i have a powershell script… well, i have several, but … that builds an object based on the output from a SQL query. That seems to fail nicely if the sql statement does not return an indexed reader. I mean if i am querying a table that does not exist in, for example, MS SQL 2005, i can work around it. Typically, i test for the version and then change the SQL command statement to something benign so i don’t get an error.
In the ‘good case’, i get back 7 columns. In the degenerate case, i only get back one. In the powershell script, i add a note property for a new PSObject for each returned value (hard coded) – and if there is no returned value, the add-member creates it with -value as $null.
I loop over a bunch of servers, append to the object, and bind the object to out-gridview.
So for the 2005 servers, i get the name of the server and nothing/little else from the server. My object contains a lot of blank columns. But i want to do better. Specifically, i want to post an explanatory comment — for example in column 7 (which is filled by $rdr. So i ask if ($rdr -eq $null), and if true, i assume that the SQL version is 2005, so i add-member -value “not in this version”. But this is done at the last step, and if i add-member, it complains that there already is a member with that name.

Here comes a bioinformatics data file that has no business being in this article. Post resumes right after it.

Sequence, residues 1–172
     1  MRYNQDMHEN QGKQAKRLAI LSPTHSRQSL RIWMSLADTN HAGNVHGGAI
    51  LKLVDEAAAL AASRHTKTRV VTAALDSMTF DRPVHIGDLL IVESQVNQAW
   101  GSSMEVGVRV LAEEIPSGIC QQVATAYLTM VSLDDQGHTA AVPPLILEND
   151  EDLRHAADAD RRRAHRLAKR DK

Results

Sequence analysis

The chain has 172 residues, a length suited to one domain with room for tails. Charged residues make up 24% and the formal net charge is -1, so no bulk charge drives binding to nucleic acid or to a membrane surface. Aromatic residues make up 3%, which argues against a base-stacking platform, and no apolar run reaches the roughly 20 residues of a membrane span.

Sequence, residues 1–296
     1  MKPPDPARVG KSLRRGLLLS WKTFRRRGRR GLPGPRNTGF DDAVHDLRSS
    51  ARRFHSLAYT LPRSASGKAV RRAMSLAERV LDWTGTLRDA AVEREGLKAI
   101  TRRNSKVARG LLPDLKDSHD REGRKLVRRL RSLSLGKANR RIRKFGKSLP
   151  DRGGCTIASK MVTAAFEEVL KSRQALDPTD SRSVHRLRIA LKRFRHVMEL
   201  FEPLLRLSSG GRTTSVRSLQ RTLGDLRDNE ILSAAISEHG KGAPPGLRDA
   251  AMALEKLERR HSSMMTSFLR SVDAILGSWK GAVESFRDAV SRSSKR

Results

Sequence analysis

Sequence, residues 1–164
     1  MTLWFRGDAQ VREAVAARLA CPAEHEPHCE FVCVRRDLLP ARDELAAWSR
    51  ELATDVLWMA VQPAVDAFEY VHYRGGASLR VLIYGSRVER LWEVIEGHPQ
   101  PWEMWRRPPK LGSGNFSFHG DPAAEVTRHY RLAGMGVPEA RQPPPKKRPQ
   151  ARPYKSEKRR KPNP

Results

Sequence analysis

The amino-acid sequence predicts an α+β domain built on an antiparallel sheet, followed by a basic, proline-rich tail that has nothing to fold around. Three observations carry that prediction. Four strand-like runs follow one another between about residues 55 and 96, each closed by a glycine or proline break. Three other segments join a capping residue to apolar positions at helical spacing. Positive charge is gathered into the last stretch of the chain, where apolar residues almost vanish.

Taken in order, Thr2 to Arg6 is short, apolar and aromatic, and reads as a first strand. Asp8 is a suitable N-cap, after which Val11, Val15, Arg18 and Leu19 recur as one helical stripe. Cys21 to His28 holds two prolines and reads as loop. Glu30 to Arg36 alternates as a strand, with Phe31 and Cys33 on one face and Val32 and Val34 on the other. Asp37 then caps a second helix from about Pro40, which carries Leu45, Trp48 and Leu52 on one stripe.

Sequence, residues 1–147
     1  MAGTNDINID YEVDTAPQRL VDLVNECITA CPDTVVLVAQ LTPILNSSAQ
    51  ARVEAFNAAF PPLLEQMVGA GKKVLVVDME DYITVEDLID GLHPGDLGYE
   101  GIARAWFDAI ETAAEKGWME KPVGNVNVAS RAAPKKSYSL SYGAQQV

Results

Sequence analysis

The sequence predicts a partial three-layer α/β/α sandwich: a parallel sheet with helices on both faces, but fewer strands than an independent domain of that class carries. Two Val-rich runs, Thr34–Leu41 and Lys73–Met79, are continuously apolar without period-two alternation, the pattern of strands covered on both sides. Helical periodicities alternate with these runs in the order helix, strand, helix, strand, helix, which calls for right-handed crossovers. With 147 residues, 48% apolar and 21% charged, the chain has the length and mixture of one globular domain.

There are other ways to handle this (eq. in a if statement) but i just asked if the value of that last object was $null (empty) and if so, i changed it with $obj.column = “not in this version” and that worked fine. I still have to test for the MS SQL version, but there are no errors in the output and the gridview can contain additional information.
Incidentally, (out-gridview -title “the server name and version”) does what you expect – i get a grid and the title of that string so i don’t have to worry about which grid i am looking at from the output.